The board itself is also bright and colourful. The scoring track round the edge of the board is done as a series of cable car tickets in keeping with the form of transport used in Ticket to Ride: San Francisco. Most routes are one, two, or three spaces in length, and there is one five-space route. One difference with the previous titles in the series is that it includes ferries, the slightly more complex routes first seen in Ticket to Ride: Europe, though only three of them, two of which go to Alcatraz. There is a very knowing joke on the board. 

Play in Ticket to Ride: San Francisco is the same as standard Ticket to Ride. Each player starts the game with some Destination Tickets and some Transportation cards. On his turn, a player can take one of three actions. Either draw two Transportation cards; draw two Destination Tickets and either keep one or two, but must keep one; or claim a route between two connected Locations. To claim a route, a player must expend a number of cards equal to its length, either matching the colour of the route or a mix of matching colour cards and the multi-coloured cards, which essentially act as wild cards. Some routes are marked in grey and so can use any set of colours or multi-coloured cards. Three routes are ferry routes and require a Ferry or multicolour Transportation card and the indicated number of Transportation cards in the right colour to claim. 

When a player claims a route connected with one of the cities with the Tourist Tokens on it, he takes one Tourist Token. At the end of the game, each player will be awarded a number of points depending on how many Tourist Tokens he has collected. This is reminiscent of, is the Stock Share cards of the Pennsylvania map from Ticket to Ride Map Collection Vol. 5: United Kingdom + Pennsylvania. In that expansion, every time a player claimed a route, he could in most cases, also claim a Stock Share card in a particular company. At the end of the game, a player would score bonus points depending upon the number of Stock Share cards he held in the various companies in the expansion. In that expansion though, all routes had a Stock Share reward, but in Ticket to Ride: San Francisco, they can only be gained from five Destinations on the outer edge of the map and two other locations. These other locations can be anywhere on the map and are chosen by the two players who go last in the turn order.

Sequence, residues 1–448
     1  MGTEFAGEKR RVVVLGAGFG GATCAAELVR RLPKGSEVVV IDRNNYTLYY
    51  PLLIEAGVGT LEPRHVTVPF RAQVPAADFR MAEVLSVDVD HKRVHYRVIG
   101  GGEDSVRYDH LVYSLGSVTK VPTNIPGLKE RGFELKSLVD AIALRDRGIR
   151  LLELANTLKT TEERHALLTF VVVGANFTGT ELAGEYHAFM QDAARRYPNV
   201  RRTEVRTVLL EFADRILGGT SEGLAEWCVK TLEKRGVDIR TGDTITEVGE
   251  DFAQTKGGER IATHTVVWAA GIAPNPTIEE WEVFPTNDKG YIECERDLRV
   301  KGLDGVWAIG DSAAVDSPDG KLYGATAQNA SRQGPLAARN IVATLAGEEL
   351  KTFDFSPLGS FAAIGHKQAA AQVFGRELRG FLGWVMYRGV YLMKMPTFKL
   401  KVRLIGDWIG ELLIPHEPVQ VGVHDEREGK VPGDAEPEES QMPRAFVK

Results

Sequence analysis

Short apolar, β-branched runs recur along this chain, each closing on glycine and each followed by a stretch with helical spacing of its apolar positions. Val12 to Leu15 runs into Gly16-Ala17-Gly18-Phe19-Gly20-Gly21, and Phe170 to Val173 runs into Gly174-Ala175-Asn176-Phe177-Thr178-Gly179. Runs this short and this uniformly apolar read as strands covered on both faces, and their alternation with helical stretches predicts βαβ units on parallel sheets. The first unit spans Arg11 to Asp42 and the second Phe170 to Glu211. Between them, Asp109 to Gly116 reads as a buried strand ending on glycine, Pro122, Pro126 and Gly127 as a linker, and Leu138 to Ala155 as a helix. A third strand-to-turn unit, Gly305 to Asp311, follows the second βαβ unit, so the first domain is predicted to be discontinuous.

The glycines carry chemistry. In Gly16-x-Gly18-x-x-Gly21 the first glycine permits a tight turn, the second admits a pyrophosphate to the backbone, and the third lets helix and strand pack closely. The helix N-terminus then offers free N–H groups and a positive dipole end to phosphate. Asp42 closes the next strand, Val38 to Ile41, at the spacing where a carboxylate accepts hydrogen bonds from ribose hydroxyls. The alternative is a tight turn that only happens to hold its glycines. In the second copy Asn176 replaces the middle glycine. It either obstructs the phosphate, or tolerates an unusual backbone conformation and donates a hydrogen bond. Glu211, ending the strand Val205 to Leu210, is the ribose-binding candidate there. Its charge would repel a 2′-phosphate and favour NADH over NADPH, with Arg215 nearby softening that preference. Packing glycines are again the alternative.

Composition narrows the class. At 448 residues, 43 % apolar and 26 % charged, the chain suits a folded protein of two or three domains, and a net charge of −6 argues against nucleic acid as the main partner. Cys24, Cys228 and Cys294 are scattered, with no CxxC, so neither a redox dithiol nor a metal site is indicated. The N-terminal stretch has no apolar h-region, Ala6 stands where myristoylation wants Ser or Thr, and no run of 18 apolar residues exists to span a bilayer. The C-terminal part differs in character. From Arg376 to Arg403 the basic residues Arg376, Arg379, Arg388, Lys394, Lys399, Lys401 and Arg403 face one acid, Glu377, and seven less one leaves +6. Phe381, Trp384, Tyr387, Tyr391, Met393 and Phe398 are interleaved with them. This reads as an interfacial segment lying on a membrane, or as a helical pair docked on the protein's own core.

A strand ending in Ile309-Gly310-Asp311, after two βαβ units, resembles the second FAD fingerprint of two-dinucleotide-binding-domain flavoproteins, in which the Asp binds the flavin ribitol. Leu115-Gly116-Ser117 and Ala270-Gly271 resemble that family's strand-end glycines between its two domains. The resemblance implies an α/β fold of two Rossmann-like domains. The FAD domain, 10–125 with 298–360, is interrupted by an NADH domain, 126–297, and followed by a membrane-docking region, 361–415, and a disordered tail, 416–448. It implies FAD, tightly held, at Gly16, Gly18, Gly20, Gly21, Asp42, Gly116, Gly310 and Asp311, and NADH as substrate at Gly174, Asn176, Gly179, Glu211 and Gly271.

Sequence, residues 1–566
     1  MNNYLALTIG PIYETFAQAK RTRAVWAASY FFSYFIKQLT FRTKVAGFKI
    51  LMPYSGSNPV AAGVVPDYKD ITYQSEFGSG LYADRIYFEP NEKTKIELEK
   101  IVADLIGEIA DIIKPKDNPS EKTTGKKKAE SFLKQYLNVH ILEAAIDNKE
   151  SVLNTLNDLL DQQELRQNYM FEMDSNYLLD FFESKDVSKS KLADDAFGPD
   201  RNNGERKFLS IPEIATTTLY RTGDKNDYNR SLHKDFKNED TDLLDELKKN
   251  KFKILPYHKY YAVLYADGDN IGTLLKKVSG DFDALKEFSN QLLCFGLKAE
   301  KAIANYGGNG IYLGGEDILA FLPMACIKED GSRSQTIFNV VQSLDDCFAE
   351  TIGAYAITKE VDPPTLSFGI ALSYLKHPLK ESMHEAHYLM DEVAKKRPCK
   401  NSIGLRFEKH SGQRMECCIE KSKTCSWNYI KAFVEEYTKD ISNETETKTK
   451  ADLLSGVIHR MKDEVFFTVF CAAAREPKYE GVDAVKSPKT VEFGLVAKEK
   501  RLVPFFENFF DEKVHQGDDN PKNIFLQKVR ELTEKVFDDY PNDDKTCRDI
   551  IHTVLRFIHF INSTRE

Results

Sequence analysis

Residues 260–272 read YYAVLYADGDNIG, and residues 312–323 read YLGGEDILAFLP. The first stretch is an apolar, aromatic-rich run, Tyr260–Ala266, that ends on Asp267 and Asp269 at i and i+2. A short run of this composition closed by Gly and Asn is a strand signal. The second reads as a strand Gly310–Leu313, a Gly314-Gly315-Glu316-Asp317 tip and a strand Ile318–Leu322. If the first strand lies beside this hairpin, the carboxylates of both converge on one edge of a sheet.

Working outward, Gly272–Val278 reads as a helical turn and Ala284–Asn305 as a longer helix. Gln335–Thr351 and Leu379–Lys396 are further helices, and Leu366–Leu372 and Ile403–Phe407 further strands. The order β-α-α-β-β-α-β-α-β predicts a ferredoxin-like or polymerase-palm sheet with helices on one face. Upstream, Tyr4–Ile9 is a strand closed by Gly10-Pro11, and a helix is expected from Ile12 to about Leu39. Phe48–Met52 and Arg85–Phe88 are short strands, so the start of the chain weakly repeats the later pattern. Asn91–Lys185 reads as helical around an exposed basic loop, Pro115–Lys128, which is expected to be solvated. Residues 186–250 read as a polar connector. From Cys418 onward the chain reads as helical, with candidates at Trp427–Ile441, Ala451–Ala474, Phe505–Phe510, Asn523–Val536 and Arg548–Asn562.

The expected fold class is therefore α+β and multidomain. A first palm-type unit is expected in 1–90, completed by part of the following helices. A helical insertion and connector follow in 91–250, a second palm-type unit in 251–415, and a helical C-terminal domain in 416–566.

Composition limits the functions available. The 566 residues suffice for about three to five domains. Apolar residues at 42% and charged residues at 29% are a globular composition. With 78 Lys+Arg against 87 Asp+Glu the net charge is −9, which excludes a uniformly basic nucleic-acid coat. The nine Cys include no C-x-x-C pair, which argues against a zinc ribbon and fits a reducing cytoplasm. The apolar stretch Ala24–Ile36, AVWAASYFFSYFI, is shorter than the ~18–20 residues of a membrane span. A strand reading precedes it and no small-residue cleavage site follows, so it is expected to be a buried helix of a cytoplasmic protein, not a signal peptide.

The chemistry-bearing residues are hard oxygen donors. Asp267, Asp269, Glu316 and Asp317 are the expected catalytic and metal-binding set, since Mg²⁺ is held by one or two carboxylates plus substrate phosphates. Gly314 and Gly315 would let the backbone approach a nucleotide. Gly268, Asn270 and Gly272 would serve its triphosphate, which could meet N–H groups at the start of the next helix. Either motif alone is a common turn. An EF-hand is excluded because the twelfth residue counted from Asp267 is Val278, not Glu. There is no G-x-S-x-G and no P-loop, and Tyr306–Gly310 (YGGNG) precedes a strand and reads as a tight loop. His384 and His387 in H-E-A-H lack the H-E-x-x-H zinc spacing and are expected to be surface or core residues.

The number of Tourist Tokens each player has at the end of the game can tip the balance and potentially help a player win the game. However, their limited location limits access to them, as can the Destination Tickets each player draws and completes over the course of the game. Only half of the Destination Tickets in the game have Destinations with Tourist Tokens. This means that a player should take this into account when drawing and discarding Destination Tickets as it will alter his score at the end of the game. This can be offset by the placement of the Tourist Tokens by the last two players in the turn order during the set-up of the game, which adds an element of randomness. Connecting to Destinations with Tourist Tokens can counter one issue with Ticket to Ride: San Francisco and that is it is possible to draw Destination Tickets it is impossible to complete because a player can only draw two and must keep one. So a possible strategy might be to complete a fewer number of Destination Tickets and try to get more Tourist Tokens instead.

Physically, Ticket to Ride: San Francisco is very nicely produced. It is bright and breezy and has a very sunny disposition. Everything is produced to the high standard you would expect for a Ticket to Ride game.

Like Ticket to Ride: New York, Ticket to Ride: London, and Ticket to Ride: Amsterdam, what Ticket to Ride: San Francisco offers is all of the play of Ticket to Ride in a smaller, faster playing version, that is easy to learn and easy to transport. In comparison to those games, it is tighter with players needing to more carefully balance the number of Destination Tickets they attempt to complete versus the number of Tourist Tokens they can grab. Ticket to Ride: San Francisco is a great addition to the Ticket to Ride family, offering fast, competitive play, and tactical choice in an attractive, thematic box.

Monday, 19 September 2022

Miskatonic Monday #130: A Small Tremor in the Mountains

Between October 2003 and October 2013, Chaosium, Inc. published a series of books for Call of Cthulhu under the Miskatonic University Library Association brand. Whether a sourcebook, scenario, anthology, or campaign, each was a showcase for their authors—amateur rather than professional, but fans of Call of Cthulhu nonetheless—to put forward their ideas and share with others. The programme was notable for having launched the writing careers of several authors, but for every Cthulhu InvictusThe PastoresPrimal StateRipples from Carcosa, and Halloween Horror, there was Five Go Mad in EgyptReturn of the RipperRise of the DeadRise of the Dead II: The Raid, and more...